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Gem'X (Atari ST)

Gem'X Atari ST Title screen

MISSING COVER

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MobyRank
100 point score based on reviews from various critics.
3.5
MobyScore
5 point score based on user ratings.
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Description

Like so many other puzzle games of the time, this game involves tiles of different colours, which must be manipulated to clear a succession of increasingly-difficult levels.

The basic idea is that you are presented with 2 sets of tiles, and must make the left one identical to the 'control' set on the right. The colours are defined in a sequence - red, green, blue, purple, yellow - and when you click on a tile, that tile's colour moves forward by two in that sequence (for example a blue one becomes yellow), whereas the tiles next to it move by one colour (for example, blue becomes purple).

Any that move past the end fo the sequence disappear, causing surrounding blocks to drop. You get a limited number of moves, and limited time as well. Fortuantely there are passwords, delivered by cutely-drawn naked Japanese girls (although the private parts are covered up).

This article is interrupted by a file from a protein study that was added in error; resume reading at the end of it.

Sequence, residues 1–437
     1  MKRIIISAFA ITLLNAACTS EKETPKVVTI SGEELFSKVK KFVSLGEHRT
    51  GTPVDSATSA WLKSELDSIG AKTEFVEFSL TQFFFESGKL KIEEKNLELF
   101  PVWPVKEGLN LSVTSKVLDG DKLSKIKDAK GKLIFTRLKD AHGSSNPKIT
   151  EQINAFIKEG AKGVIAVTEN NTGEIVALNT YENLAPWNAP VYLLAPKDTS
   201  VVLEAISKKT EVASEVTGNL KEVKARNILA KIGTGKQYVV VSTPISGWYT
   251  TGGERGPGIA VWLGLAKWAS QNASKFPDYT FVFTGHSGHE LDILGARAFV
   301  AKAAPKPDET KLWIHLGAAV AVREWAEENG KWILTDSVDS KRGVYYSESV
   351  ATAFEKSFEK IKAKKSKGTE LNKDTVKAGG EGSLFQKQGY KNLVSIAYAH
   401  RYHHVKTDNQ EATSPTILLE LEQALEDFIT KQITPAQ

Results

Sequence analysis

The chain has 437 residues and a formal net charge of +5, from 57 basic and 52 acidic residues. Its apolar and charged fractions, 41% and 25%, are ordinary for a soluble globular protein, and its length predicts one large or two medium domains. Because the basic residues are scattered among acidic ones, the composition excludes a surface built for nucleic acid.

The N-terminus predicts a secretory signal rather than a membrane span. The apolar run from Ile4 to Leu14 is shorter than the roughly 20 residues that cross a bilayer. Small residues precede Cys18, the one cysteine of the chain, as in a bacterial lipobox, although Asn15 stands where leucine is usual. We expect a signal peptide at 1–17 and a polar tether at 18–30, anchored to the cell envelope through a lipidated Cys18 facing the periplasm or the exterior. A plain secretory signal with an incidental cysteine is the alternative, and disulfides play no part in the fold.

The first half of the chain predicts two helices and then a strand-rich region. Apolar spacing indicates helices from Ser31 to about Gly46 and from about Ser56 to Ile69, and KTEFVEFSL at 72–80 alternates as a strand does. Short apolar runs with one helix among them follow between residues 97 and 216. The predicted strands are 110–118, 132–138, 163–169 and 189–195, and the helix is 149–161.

Screenshots

Gem'X Atari ST Towers of gems
Gem'X Atari ST An early level
Gem'X Atari ST Title screen

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The Press Says

ST Format May, 1992 64 out of 100 64

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Trivia

Cancelled sequel

The successor Gem'Z (DOS and Amiga) was already finished and ready to be released when the Amiga master was stolen during a trade fair in Cologne. Of course copies turned up everywhere and the publisher Software 2000 chose to cancel the release.

Development

This game was in fact developed in Germany, but designed so as to look like a Japanese game, complete with Japanesque graphics, (garbled) Japanese writing, and the name of the developers, Kaiko, chosen deliberately in order to sound Japanese. The Japanese influence goes even further, with the passwords referring to Japanese pop culture such as the FM Towns computer (totally unknown in Europe at that time), names from animation and Taito's arcade games. As a masquerade act, Gem'X was almost perfect.

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Martin Smith (63162) added Gem'X (Atari ST) on Aug 24, 2004
Other platforms contributed by Kabushi (121980) and Martin Smith (63162)